2. But when it comes to identifiably religious universities — Catholic, Protestant, Jewish, Muslim or anything else — this is even more clear. Loyola keeping a Catholic identity helps promote real intellectual diversity in American public life (and, again, I’d say the same as to other religious universities; I can imagine some religious belief systems that are so pernicious that, while they must be constitutionally protected, we can still say they hurt American life more than they help it, but I think that most of the traditions that found universities do have a good deal to contribute).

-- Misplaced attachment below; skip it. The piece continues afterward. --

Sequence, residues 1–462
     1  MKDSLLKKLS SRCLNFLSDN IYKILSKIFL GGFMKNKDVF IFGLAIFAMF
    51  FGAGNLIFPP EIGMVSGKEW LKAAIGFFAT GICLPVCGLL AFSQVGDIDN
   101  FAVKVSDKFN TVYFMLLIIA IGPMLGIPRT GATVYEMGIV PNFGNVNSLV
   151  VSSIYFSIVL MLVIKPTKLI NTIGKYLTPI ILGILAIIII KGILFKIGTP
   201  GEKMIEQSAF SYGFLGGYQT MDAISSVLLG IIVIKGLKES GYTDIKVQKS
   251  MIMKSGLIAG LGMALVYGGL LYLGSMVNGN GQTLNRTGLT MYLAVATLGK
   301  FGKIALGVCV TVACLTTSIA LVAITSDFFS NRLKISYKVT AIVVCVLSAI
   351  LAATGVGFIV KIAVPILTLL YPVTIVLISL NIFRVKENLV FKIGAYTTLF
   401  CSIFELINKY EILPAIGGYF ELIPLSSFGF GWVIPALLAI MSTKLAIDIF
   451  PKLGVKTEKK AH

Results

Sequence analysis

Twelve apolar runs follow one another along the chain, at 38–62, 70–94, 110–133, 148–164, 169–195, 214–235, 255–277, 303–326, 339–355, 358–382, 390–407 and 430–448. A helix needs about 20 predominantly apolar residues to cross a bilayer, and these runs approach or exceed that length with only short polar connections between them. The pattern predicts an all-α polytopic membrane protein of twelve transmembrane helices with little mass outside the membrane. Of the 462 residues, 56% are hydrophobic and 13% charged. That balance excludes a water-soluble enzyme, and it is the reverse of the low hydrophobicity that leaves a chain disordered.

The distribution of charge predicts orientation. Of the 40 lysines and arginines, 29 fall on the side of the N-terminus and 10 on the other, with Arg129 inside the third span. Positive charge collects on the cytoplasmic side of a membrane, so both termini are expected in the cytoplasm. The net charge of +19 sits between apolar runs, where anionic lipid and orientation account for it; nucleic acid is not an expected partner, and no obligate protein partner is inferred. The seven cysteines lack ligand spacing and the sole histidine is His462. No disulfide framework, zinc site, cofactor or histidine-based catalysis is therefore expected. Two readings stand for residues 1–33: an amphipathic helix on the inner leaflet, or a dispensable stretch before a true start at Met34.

I think it would be unwise, and contrary to the intellectual freedom needed for serious universities to thrive, for it to try to suppress other religious messages from students, student groups and others. It might even make sense to accommodate such other religious groups in various ways, and it sounds as though Loyola does. But when it comes to Loyola’s own messages, including its holiday decor, I think it’s good for Loyola to maintain a Catholic identity, and not to “celebrate” religious traditions to which it doesn’t subscribe. If that would remind me, as a nonreligious person or as an ethnic Jew, that it’s a university that’s identifiably Catholic, and that it doesn’t endorse my views (again, even though it doesn’t punish me for those views) — well, I think I should have known that all along.